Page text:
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Fruit or Vegetable?

How Can Something Be a Fruit and a Vegetable?

This confusion stems from a misunderstanding of terms. People are conflating the two definitions of fruit. Fruit has both a botanical and a culinary definition.

Something may technically be a fruit by the botanical definition but be a vegetable by the culinary definition. That's what happens with all of the confusing items like cucumbers, corn, and tomatoes. This makes it technically both.

Now, unless you are a scientist studying botany, you are unlikely to care what something is botanically. In everyday speech, you should call these "confusing" foods "vegetables" because that's what they are practically. People may say that they are "actually fruits"—and they would be right if you are talking about the different parts of a plant and its flower or something. But if you are talking about them as food, calling vegetables "fruits" is wrong. To use the word like that would just make it largely meaningless.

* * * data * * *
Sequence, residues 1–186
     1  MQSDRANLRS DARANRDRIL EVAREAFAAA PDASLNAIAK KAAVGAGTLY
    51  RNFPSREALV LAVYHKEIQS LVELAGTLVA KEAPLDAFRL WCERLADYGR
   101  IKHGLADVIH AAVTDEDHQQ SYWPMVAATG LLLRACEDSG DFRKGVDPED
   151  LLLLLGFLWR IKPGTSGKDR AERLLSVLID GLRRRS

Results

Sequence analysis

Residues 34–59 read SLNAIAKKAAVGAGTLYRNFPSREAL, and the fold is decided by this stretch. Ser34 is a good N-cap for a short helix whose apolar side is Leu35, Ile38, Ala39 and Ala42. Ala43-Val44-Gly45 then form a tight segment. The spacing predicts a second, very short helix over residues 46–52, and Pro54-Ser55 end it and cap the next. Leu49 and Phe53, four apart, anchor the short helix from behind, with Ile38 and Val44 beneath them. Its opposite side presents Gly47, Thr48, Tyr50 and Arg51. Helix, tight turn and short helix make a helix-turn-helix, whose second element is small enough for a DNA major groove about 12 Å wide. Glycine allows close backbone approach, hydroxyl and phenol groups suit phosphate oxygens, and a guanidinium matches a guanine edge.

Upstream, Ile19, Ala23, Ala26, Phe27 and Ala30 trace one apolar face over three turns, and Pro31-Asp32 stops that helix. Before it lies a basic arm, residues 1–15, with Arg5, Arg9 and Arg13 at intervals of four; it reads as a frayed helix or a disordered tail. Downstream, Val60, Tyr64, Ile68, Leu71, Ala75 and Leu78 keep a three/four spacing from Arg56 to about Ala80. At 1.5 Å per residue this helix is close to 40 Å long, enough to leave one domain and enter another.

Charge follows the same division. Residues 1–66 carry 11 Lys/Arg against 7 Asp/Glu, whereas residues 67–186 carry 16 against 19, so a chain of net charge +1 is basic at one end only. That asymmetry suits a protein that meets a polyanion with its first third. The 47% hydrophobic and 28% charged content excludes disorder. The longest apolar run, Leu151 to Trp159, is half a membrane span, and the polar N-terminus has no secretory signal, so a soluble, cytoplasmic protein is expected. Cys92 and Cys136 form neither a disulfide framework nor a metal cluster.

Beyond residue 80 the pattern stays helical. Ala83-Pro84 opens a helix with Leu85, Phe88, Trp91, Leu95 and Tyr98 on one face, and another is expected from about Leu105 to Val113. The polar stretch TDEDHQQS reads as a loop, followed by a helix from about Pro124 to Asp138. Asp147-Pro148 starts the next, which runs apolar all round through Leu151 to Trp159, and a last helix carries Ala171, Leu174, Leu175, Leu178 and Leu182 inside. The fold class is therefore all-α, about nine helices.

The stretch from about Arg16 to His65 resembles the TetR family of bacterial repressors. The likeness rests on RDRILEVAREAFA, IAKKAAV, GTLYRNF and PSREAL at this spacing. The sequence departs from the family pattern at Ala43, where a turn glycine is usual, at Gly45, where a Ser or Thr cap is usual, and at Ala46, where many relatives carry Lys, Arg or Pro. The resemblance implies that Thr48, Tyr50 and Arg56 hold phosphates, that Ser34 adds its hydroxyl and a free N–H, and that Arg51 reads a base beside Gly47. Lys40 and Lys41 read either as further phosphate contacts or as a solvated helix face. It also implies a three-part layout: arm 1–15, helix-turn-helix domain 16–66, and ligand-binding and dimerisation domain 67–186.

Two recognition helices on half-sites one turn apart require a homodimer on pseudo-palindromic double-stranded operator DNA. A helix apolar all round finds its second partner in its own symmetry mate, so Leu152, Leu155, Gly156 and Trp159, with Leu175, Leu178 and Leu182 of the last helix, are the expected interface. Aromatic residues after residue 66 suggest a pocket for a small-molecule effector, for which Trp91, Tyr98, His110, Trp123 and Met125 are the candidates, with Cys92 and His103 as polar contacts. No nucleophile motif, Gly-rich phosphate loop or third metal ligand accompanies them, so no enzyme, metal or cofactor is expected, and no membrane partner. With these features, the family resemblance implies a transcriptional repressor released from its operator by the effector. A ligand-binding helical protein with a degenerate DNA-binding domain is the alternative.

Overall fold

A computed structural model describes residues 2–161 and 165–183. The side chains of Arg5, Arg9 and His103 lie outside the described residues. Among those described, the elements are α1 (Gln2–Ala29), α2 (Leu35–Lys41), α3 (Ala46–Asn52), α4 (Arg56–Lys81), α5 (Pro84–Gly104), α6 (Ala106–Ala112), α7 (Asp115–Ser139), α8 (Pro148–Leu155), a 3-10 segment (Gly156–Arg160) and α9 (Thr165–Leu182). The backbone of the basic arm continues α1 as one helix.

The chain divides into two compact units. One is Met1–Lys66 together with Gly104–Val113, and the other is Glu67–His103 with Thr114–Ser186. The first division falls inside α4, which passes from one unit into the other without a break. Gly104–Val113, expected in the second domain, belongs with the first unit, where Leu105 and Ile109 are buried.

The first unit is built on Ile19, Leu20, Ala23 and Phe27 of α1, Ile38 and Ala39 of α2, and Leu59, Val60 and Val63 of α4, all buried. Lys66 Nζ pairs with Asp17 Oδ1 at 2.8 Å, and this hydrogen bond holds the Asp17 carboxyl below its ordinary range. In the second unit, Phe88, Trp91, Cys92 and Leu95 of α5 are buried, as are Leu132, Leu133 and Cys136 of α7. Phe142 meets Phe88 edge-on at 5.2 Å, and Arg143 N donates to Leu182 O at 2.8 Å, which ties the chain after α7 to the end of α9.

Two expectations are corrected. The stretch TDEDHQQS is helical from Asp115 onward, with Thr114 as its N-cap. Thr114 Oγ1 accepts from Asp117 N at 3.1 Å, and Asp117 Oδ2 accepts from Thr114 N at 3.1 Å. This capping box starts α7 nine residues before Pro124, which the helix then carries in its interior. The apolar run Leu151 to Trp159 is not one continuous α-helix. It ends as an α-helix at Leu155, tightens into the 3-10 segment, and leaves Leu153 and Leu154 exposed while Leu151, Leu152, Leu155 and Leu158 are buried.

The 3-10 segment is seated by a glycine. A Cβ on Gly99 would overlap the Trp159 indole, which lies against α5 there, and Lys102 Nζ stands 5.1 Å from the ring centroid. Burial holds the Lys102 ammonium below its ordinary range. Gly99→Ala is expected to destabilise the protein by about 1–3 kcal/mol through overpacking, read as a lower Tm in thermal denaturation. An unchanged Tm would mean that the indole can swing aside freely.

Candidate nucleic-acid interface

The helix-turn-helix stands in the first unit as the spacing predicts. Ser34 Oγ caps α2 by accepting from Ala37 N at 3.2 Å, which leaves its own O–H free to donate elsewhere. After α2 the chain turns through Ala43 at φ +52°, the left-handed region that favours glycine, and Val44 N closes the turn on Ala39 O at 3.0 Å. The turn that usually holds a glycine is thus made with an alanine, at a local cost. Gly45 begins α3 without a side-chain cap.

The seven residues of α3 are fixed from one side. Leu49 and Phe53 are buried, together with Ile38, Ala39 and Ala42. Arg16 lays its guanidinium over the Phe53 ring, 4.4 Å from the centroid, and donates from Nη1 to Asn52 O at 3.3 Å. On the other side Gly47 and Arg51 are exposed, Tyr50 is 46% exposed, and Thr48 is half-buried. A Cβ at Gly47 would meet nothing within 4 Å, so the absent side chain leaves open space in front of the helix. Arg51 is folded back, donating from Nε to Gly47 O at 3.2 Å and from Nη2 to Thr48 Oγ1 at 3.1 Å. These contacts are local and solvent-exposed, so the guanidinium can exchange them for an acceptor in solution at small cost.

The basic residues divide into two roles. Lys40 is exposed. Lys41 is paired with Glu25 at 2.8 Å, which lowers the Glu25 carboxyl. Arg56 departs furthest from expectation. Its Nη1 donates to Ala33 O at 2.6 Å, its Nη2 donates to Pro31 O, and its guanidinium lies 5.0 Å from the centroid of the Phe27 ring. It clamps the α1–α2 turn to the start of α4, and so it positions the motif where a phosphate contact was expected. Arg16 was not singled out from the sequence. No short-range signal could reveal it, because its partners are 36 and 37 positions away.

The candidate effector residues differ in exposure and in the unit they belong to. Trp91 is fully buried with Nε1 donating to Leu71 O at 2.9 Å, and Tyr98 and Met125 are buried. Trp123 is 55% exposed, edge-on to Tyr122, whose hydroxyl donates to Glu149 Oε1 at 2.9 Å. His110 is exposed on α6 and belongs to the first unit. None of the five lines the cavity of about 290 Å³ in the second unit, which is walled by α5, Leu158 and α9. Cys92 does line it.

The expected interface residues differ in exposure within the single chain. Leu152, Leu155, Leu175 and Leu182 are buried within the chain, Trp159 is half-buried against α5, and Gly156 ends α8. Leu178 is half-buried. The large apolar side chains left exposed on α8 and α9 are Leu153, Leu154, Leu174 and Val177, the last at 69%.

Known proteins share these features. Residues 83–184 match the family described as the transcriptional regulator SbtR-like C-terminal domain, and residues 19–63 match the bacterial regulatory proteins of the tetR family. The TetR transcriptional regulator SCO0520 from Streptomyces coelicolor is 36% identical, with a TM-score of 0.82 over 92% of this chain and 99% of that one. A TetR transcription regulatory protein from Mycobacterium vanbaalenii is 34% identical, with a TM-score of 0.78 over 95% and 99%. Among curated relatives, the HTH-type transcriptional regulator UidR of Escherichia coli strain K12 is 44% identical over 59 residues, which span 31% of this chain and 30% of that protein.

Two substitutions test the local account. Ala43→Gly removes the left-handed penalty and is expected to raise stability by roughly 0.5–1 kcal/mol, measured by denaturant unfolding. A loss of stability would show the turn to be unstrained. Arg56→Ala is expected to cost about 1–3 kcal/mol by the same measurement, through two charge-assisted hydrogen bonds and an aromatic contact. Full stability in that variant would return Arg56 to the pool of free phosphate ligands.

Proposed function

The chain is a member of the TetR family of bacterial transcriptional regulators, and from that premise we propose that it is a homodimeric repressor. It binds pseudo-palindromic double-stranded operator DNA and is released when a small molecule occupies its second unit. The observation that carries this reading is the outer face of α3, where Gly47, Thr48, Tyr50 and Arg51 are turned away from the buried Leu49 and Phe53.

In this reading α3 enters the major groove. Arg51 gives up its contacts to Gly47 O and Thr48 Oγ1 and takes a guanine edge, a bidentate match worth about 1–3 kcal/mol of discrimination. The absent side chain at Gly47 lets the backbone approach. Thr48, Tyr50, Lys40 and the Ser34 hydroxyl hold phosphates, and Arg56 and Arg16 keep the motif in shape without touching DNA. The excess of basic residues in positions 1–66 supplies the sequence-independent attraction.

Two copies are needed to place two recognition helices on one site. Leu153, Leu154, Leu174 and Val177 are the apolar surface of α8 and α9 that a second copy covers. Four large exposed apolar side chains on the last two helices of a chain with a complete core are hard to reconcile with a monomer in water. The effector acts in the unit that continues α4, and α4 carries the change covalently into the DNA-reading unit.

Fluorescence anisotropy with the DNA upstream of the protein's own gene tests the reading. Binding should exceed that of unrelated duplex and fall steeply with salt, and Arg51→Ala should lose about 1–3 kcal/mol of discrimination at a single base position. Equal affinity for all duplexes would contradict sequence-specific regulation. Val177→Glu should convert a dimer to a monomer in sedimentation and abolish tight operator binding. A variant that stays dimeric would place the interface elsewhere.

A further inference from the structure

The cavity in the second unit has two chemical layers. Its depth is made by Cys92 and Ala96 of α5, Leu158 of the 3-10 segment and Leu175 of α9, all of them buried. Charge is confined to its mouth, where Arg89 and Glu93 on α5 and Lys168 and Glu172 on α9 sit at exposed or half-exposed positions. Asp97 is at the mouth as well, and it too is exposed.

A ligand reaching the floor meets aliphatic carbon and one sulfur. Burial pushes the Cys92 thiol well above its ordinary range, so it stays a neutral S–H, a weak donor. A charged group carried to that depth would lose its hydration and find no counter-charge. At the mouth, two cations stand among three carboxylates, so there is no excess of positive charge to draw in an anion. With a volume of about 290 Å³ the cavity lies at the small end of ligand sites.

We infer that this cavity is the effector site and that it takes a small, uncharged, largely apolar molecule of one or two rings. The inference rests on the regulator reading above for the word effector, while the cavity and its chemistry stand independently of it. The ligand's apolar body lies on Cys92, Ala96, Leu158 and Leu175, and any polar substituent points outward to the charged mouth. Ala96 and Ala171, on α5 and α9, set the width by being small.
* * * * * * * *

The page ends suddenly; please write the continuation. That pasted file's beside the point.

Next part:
"Science" does not say otherwise. For one, botany is just one field of science. There is also such a thing as culinary science. Second though, names are not a core part of science. You cannot test and reproduce the results of naming something. They are just names people attached to different concepts they made up to make keeping track of them easier. Nothing about what botanists call parts of a plant should influence your cooking.

So what is a "fruit" then?

What makes something a "vegetable"?